Noah Smith asks if Japan should default and then runs through a few pros and cons. To me, this is a silly question. Japan's debt is denominated in a currency it can always create. They have no external debt and they don't peg their currency to a foreign currency, thereby relinquishing their monetary sovereignty. So Japan can't really be forced to default except through inflation (they could choose to default, but that would be catastrophic and unnecessary). That is, they can't "run out of yen" to meet their yen-denominated obligations. They could, however, print so much yen that it causes inflation to run wildly out of control, which could cause numerous problems in FX markets, bond markets, etc. Obviously, Japan isn't suffering from an inflation problem and they'd probably welcome a bit of inflation.
But the question on so many people's minds is: What about Japanese interest rates? If inflation rises, then interest rates will rise, right? And then Japan will be spending an unaffordable amount on their debt servicing, right? True, but let's keep things in perspective.
First, government interest expense is fiscal policy. Second, Japan can control the duration and interest rate they pay on their debt. After all, they can issue yen and they're the monopolist of risk-free Japanese government bonds. So, if you don't want to hold yen-denominated "money," then you can opt for an interest-bearing JGB, which can only be issued by the Japanese government.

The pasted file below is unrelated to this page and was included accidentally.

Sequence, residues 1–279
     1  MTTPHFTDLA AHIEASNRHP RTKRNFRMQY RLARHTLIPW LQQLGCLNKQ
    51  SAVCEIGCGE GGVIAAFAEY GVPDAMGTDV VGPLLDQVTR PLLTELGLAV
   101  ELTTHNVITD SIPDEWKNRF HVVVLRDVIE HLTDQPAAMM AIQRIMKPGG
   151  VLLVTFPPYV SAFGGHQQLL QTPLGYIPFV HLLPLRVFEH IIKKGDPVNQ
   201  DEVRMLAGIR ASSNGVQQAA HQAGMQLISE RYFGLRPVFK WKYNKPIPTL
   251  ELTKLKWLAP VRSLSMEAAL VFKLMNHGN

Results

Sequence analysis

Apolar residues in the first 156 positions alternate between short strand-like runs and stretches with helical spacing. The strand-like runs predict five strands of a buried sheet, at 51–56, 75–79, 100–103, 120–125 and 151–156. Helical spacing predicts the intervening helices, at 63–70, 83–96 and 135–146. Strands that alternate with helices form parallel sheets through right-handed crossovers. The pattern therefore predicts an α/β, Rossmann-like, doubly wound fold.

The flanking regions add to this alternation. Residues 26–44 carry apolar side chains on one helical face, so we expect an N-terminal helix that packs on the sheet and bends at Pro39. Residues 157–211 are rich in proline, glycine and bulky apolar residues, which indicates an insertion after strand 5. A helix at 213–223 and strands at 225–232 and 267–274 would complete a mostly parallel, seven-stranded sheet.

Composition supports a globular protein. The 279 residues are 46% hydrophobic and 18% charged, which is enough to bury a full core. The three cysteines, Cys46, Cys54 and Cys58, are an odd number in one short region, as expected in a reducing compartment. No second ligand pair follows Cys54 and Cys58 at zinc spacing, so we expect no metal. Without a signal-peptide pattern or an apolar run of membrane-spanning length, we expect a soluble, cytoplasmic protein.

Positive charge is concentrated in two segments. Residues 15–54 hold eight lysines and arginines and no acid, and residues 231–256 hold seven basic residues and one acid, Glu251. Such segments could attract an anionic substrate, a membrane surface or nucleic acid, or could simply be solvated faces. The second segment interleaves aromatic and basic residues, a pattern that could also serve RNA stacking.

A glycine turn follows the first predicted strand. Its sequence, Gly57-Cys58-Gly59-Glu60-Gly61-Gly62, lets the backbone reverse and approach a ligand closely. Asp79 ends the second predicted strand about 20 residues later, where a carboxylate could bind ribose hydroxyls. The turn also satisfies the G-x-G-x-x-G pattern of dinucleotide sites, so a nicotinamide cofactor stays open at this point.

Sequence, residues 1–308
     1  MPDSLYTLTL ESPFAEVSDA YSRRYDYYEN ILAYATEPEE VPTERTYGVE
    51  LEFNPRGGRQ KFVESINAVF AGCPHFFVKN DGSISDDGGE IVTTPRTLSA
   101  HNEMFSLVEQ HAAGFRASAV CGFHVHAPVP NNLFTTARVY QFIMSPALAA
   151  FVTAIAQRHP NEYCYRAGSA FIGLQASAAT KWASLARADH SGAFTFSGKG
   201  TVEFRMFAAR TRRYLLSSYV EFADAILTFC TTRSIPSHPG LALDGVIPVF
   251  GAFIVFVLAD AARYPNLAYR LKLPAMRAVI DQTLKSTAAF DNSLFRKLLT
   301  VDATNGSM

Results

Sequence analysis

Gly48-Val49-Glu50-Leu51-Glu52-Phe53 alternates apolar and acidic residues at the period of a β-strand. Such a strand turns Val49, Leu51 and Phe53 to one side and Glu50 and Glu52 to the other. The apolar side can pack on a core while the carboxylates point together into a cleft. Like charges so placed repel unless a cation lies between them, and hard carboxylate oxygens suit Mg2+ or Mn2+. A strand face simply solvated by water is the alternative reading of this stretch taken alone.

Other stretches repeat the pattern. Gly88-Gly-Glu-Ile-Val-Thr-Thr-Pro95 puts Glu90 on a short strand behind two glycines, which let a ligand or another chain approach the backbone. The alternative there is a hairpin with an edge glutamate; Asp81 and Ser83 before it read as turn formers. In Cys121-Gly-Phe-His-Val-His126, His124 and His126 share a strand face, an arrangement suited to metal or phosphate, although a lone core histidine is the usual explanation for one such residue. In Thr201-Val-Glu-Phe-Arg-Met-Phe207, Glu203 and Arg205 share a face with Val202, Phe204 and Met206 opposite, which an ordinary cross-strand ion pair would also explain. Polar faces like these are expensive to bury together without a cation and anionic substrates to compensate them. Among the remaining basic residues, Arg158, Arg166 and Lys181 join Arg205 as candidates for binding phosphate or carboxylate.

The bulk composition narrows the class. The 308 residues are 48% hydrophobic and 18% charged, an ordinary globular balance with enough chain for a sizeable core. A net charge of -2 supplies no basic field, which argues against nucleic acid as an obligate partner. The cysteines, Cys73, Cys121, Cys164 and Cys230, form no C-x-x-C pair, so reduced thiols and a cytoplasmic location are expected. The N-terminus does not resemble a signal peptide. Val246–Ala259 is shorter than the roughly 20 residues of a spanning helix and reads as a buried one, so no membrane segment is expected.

Let's say the Japanese government gives you the option between risk-free five-year JGBs at 0.5% or risk-free deposits at 0%. Which one will you choose? You'll choose the bonds until inflation rages to the point where hyperinflation destroys the yen, right? Until then, the Japanese government will always find holders of their bonds because it's a no-brainer to buy risk-free JGBs at 0.5%, when the alternative is risk-free deposits at 0%. If you hold to maturity rather than flipping them like you're the E-Trade baby, then you'll generate a positive nominal return (though not necessarily a real return).
And that's the kicker here. The Japanese government is not at the mercy of bond vigilantes. It can determine the duration of the JGBs outstanding as well as the interest rate it is willing to offer those bonds at. So if the Japanese government is worried about interest rates, then they should just shorten the duration of outstanding bonds and set a cap on the interest rate they offer those bonds at. They'll still find plenty of willing buyers even if the bonds generate a real negative return. After all, the cash alternative is guaranteed to lose 0.5% more than the JGB offered.
So, there -- we just solved Japan's "fiscal crisis." All they need to do is shorten the duration of their outstanding bond issues and understand that they can set the rate of those bonds at whatever price they want.